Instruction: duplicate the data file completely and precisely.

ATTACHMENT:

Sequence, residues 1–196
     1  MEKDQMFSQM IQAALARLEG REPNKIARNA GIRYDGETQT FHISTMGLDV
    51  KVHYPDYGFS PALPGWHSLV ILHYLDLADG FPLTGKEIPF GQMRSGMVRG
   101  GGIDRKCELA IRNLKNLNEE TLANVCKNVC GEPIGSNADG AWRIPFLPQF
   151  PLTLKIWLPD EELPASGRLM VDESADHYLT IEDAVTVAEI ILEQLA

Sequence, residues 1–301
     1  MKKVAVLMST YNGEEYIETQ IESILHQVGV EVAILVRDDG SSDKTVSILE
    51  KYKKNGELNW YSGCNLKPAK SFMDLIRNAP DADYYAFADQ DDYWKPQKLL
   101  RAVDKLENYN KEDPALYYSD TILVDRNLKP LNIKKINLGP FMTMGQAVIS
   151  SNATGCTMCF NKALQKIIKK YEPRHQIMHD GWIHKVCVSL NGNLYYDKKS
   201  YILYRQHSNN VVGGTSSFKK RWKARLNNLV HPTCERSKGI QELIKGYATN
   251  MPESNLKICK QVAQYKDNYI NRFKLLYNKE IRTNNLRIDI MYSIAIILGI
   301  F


Sequence, residues 1–196
     1  MEKDQMFSQM IQAALARLEG REPNKIARNA GIRYDGETQT FHISTMGLDV
    51  KVHYPDYGFS PALPGWHSLV ILHYLDLADG FPLTGKEIPF GQMRSGMVRG
   101  GGIDRKCELA IRNLKNLNEE TLANVCKNVC GEPIGSNADG AWRIPFLPQF
   151  PLTLKIWLPD EELPASGRLM VDESADHYLT IEDAVTVAEI ILEQLA

Sequence, residues 1–301
     1  MKKVAVLMST YNGEEYIETQ IESILHQVGV EVAILVRDDG SSDKTVSILE
    51  KYKKNGELNW YSGCNLKPAK SFMDLIRNAP DADYYAFADQ DDYWKPQKLL
   101  RAVDKLENYN KEDPALYYSD TILVDRNLKP LNIKKINLGP FMTMGQAVIS
   151  SNATGCTMCF NKALQKIIKK YEPRHQIMHD GWIHKVCVSL NGNLYYDKKS
   201  YILYRQHSNN VVGGTSSFKK RWKARLNNLV HPTCERSKGI QELIKGYATN
   251  MPESNLKICK QVAQYKDNYI NRFKLLYNKE IRTNNLRIDI MYSIAIILGI
   301  F